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Global food trade depends on wild pollinators

A new study published by AAAS has revealed how the global food trade is reliant on biodiversity and wild pollinators. The researchers found that developed countries are especially dependent on imported pollinated crops, while the countries that export these crops are primarily responsible for declines in pollinators.

A new understanding of the “virtual” exchange of pollinator services in the global food trade could support new policies to preserve crop diversity and tackle biodiversity loss. 

In a globalized world, human food consumption relies heavily on the trade of crops, as well as the intense use of water and land resources. 

Bees, flies, beetles, and other pollinators – along with the invaluable services they provide – are critically important to agriculture. A previous study estimated that 35 percent of crop production and 75 percent of crops require pollination services. 

The primary cause of environmental degradation is human disturbance. As the natural environment is compromised by human activities, wild pollinators are increasingly exposed to habitat loss, pesticides and other chemicals, invasive pests, and diseases. As a result, pollinating species are in a global state of decline.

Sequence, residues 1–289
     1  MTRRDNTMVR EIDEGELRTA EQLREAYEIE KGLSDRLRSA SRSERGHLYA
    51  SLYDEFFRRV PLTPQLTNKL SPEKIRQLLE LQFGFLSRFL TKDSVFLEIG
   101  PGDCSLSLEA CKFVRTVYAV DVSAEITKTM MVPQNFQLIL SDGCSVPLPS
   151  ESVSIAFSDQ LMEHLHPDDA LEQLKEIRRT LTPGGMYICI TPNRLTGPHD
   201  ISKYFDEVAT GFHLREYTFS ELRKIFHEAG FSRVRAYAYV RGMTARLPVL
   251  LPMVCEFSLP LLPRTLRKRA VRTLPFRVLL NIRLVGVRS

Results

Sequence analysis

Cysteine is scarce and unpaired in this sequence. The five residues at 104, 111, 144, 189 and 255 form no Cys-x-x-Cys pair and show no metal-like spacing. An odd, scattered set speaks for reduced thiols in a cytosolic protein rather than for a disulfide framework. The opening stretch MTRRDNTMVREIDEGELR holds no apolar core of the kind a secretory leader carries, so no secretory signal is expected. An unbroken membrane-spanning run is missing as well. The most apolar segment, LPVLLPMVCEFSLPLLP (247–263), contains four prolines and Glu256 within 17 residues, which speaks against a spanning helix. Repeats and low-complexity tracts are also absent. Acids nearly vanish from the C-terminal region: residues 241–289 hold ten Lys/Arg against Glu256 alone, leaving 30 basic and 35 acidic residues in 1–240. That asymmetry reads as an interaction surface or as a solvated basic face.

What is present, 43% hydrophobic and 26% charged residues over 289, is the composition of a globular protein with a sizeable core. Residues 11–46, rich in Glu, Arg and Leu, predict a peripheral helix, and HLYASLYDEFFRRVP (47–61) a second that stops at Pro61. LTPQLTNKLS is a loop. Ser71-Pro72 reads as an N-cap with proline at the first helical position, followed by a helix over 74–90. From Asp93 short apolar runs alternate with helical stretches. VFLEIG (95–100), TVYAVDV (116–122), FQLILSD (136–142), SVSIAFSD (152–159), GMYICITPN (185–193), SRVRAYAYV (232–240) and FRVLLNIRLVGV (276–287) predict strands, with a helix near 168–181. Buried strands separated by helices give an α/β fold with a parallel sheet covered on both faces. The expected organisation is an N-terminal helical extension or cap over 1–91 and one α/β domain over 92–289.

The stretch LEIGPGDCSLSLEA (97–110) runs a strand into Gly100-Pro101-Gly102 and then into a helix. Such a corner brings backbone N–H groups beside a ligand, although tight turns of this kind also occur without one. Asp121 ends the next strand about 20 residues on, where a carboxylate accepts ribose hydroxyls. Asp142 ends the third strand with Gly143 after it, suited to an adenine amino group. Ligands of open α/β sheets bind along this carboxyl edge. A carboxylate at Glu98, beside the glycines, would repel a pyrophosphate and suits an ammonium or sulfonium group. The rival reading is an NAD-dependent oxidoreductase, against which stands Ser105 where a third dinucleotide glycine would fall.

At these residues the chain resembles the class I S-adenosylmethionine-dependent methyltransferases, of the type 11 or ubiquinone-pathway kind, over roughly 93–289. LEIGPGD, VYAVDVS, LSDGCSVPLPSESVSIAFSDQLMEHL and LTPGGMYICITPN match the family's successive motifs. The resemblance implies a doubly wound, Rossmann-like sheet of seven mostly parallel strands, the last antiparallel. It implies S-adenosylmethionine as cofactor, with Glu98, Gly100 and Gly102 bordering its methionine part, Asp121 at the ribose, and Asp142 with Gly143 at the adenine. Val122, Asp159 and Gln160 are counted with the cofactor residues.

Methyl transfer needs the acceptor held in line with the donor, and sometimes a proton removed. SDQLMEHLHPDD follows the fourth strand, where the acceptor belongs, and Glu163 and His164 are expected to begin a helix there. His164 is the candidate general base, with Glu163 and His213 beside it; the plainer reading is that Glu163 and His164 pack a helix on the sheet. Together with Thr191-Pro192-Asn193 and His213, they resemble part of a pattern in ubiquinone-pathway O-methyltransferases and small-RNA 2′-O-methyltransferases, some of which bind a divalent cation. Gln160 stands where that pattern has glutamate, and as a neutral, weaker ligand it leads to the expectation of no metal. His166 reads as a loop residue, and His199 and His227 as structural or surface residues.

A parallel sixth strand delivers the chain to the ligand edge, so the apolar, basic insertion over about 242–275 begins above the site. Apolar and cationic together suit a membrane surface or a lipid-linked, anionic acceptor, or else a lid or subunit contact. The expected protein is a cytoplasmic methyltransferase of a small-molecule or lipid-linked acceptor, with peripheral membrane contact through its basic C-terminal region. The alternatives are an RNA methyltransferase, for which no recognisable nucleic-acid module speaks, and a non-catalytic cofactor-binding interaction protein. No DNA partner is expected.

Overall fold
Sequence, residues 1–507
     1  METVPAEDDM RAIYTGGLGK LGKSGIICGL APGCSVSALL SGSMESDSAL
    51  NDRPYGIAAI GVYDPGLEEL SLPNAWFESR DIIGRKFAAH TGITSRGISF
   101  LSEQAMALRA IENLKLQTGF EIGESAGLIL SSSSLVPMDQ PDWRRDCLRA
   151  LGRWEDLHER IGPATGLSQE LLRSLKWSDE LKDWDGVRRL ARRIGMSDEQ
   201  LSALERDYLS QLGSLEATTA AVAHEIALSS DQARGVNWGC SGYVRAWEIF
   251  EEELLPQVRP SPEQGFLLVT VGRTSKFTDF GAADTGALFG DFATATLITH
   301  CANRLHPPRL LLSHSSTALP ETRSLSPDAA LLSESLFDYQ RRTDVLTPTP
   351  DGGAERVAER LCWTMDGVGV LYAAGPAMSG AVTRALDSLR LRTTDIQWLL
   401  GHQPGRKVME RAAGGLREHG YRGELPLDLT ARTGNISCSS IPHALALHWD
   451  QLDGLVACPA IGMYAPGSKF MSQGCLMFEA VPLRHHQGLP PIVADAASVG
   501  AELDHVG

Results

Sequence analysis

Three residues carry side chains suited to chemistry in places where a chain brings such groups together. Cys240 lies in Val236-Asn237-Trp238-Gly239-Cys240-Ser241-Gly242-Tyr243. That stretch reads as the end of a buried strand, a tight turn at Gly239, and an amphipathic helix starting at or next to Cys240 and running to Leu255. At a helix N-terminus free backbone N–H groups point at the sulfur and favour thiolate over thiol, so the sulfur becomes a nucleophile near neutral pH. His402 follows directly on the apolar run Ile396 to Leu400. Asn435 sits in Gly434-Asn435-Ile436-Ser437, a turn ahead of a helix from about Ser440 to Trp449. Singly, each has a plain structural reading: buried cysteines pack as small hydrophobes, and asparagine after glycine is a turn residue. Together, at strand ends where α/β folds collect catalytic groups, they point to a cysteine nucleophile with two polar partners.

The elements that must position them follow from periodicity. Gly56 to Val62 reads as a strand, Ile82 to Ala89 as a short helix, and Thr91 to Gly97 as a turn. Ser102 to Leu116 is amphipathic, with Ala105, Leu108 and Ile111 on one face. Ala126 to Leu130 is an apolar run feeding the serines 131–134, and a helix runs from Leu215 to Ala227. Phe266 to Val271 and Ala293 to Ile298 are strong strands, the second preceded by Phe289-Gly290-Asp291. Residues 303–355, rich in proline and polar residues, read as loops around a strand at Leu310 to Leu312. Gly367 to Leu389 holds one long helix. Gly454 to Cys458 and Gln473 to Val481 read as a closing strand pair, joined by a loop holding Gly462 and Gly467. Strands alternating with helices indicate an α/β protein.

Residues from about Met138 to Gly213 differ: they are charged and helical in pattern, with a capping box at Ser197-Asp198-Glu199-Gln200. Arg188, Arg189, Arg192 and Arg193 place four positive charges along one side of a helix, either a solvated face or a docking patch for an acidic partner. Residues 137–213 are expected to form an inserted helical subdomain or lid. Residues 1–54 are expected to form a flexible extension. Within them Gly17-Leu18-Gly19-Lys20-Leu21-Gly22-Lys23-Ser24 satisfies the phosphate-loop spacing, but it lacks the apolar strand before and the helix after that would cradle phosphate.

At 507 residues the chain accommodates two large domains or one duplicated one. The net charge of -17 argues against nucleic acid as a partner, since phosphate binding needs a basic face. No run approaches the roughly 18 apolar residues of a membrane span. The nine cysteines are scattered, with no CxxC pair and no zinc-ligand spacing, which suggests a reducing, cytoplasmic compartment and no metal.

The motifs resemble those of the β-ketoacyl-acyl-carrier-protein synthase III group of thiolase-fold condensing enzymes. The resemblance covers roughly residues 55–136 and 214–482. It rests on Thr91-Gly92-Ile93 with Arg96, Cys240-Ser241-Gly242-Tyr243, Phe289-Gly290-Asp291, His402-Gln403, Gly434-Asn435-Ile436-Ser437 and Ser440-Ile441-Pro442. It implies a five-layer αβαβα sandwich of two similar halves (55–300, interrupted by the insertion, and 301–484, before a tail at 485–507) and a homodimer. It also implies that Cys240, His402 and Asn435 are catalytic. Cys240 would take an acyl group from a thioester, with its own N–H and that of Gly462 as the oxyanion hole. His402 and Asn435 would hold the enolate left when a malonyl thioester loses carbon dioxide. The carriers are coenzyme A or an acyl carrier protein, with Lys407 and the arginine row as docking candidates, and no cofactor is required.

Scientists are working to identify regions where protecting biodiversity will best preserve pollinators and crop production. 

A team of experts led by Felipe da Silva set out to study pollination as a traded resource based on the concept of “virtual resource flow.” 

To investigate how wild pollinator services in crop-exporting countries transfer to international markets, the researchers analyzed data on 55 pollinator-dependent crops from 2001 to 2015. The experts compared how developing and developed countries rely on pollination services. 

The study revealed that developed countries rely heavily on imported, pollinator-dependent crops to sustain their food consumption, which means that these countries “virtually” import pollination services from other nations that depend on biodiversity to sustain pollination. 

In addition, countries that exported the most pollinator-dependent crops were linked to the fastest rates of cropland expansion, which is a major driver of pollinator and biodiversity decline. 

The study is published in the journal Science Advances.

By Chrissy Sexton, Staff Writer

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